Another closely related option that is wisely deduced by Raven is current environment detection.

  1. First, Sentry tries to get ENV['RAILS_ENV']
  2. Next, if first is absent, it tries ENV['RACK_ENV']

You can customize it via the current environment configuration flag.

Raven.configure do |config|
  config.current_environment = 'staging'

Whatever you'll set here, will be visible in the Sentry environments dropdown.

Sentry filtering by environments
Sentry environments dropdown

#Asynchronous reporting

Error logging is not the primary task of most of the web applications, including Ruby on Rails. It is good to keep it asynchronous, and Sentry allows users to do so by exposing the asynchronous configuration flag.

Raven.configure do |config|
  config.async = lambda { |event| SentryJob.perform_later(event) }


class SentryJob < ActiveJob::Base
  queue_as :sentry

  def perform(event)

If the async callback raises an exception, Raven will attempt to send synchronously.

#Data sanitization

Sentry for Ruby on Rails provides two configuration options for data sanitization.

Raven.configure do |config|
  config.sanitize_fields = ["my_field", "foo(.*)?bar]
  config.sanitize_http_headers = %w[Referer User-Agent Server From]

The field sanitization accepts a raw string and regex-like strings for striping the data from the requests sent to Sentry.

The second one allows you to filter out HTTP headers from the payload. A full list of potentially sensitive HTTP headers can be found in the RFC 2616.

#Data processing

The default Sentry data processors are:

# Note the order - we have to remove circular references and bad characters
# before passing to other processors.

which we can modify via yet another configuration flag by adding new and removing existing processors from the array.

require 'raven/processor/removestacktrace'

Raven.configure do |config|
  config.processors << Raven::Processor::RemoveStacktrace
  config.processors -= [Raven::Processor::PostData]
  config.processors -= [Raven::Processor::Cookies]

You might want to remove cookies and post data processors via the configuration, as by default Sentry does not send POST data or cookies if present, and it may improve your further debugging experience.

A full list of the Raven processors belonging to the `Raven::Processor` module.

├── processor
│   ├── cookies.rb
│   ├── http_headers.rb
│   ├── post_data.rb
│   ├── removecircularreferences.rb
│   ├── removestacktrace.rb
│   ├── sanitizedata.rb
│   └── utf8conversion.rb

On top of all that, Sentry allows filtering out selected exceptions by appending them to the excluded exceptions array.

Raven.configure do |config|
  config.excluded_exceptions += ['ActionController::RoutingError']

On an even deeper level, Sentry allows you to prevent exceptions from being sent via providing your custom logic.

Raven.configure do |config|
  config.should_capture = Proc.new do |exception|
    exception.super != 'WillinglyUnreportedException'

It is especially useful when you want to filter out a whole bunch of exceptions without always remembering to put them into the excluded exceptions array.

class WillinglyUnreportedException < StandardError; end
class DontCareTooMuchException < WillinglyUnreportedExceptions; end
class NevermindException < WillinglyUnreportedExceptions; end

Another option that might be especially useful for large applications is data sampling.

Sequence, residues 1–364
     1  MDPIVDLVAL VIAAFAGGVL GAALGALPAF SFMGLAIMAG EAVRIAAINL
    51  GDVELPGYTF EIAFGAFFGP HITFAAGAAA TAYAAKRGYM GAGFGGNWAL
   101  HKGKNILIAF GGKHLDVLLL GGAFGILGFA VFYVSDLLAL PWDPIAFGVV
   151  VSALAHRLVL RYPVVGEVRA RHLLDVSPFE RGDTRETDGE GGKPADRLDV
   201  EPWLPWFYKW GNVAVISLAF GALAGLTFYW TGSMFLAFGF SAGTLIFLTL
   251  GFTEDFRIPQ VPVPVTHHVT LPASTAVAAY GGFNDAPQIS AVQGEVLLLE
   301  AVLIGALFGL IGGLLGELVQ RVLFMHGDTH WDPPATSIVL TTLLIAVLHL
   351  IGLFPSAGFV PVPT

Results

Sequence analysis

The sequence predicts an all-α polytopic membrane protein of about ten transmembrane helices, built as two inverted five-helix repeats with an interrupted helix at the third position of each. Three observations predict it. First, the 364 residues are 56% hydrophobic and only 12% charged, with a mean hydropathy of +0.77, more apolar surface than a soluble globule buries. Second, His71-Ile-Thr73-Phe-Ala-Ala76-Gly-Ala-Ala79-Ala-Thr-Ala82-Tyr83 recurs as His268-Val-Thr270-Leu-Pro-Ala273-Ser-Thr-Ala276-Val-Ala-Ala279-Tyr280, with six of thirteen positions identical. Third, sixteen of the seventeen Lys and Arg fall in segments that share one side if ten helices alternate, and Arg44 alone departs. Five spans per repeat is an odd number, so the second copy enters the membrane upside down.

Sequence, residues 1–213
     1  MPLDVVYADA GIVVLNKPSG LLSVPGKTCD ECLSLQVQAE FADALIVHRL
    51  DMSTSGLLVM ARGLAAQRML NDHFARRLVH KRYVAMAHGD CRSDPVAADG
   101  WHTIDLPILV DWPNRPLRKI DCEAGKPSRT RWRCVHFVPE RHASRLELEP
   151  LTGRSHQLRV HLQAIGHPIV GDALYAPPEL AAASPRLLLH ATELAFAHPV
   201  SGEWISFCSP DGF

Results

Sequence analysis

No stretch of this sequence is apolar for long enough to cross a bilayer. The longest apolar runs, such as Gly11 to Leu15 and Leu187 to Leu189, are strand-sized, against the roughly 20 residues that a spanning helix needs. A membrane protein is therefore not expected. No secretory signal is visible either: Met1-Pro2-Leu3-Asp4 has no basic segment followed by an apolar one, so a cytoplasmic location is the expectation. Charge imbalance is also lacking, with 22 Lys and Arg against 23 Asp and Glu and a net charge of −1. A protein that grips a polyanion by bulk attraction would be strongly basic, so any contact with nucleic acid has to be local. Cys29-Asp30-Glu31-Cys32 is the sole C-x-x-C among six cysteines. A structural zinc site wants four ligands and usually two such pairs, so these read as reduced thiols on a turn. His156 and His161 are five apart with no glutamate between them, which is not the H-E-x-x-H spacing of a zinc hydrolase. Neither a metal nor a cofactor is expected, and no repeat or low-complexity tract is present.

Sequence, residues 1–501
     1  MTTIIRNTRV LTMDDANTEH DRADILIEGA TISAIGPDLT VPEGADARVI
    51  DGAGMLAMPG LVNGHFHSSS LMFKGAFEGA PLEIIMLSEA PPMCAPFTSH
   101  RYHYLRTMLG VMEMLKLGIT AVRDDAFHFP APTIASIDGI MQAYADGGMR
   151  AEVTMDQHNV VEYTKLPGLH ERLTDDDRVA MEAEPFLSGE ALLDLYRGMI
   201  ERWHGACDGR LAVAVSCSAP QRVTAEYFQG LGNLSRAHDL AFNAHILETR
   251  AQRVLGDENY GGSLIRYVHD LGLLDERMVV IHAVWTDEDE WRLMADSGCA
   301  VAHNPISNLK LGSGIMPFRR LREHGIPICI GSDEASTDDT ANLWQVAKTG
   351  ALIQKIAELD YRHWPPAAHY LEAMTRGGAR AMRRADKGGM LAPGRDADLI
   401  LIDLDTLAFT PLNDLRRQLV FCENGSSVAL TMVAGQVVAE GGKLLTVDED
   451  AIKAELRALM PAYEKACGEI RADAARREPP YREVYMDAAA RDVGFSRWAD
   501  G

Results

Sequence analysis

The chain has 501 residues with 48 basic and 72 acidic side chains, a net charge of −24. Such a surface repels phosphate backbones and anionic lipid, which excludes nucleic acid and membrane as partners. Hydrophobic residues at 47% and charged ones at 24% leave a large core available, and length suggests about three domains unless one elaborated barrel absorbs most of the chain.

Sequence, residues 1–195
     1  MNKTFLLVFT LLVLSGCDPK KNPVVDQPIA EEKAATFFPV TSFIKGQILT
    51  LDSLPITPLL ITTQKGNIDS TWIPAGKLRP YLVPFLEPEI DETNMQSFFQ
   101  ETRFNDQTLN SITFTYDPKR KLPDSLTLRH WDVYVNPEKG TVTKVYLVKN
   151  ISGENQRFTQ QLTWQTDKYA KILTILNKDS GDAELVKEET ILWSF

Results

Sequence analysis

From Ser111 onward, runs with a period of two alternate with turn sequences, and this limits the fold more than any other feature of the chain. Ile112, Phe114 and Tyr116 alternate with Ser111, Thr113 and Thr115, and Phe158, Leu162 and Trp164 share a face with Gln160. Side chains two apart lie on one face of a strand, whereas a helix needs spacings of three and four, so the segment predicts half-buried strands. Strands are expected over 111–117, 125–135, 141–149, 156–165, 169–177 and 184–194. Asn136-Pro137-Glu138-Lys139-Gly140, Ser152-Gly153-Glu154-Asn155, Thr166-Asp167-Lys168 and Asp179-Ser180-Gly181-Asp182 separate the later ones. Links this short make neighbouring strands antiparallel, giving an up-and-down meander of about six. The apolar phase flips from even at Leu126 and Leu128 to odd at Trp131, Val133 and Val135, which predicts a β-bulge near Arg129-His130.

Raven.configure do |config|
  config.sample_rate = 0.5

A value of 0 will deny sending any events, and value of 1 will send every single event, which is the default behavior.

#Pinpoint guilty release

Sentry is clever in deducing which release causes an exception. It takes the following in the given order of precedence.

  1. Commit SHA of the last git commit
  2. Last line of the application root REVISION file
  3. For Heroku, dyno metadata enabled via Heroku Labs

It can be customized if you have some kind of custom release tracking system.

Raven.configure do |config|
  config.release = 'custom release string'

The default settings may be configured smoothly with popular git remote providers such as Github and Gitlab for convenient linking to the guilty git commits and tags via Sentry UI.

#Proxy and Secure Sockets Layer

Sentry gives its user an option to configure a proxy connection.

Raven.configure do |config|
  config.proxy = 'http://example.com'

It accepts a simple string representing the URL to your proxy server.

SSL verification might be disabled in the configuration file, as it's enabled by default.

Raven.configure do |config|
  config.ssl_verification = false

#Custom reports modifications

In your configuration file, you can use two options provided for globally customizing Sentry reports.

Raven.configure do |config|
  config.tags = { hostname: `hostname` }
  config.before_send = lambda do |event, hint|
    event.fingerprint = ['fingerprint']

A first of them, the tagging option, allows you to send an additional context with your events for further filtering. For example, if you have a load balancer set up in front of your Ruby on Rails application, you might want to send some info identifying a specific instance on which the exception occurred.

The second one helps you to modify every single occurrence on the fly, accessing it before is send. Be aware that if you won't return the event from this method, it will be dropped.


Sentry is a powerful tool that helps you to keep the Ruby on Rails application well-maintained and is definitely worth using if you want to monitor every newly developed feature seriously.

With Hix on Rails, all you need to do in order to have a fully configured Sentry logger is creating your account and copy-pasting the Sentry DSN into the project initialization wizard.

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Nice write up - would be handy to have a bit more detail on the release integration to pinpoint guilty commits. Setting that up with Heroku and Github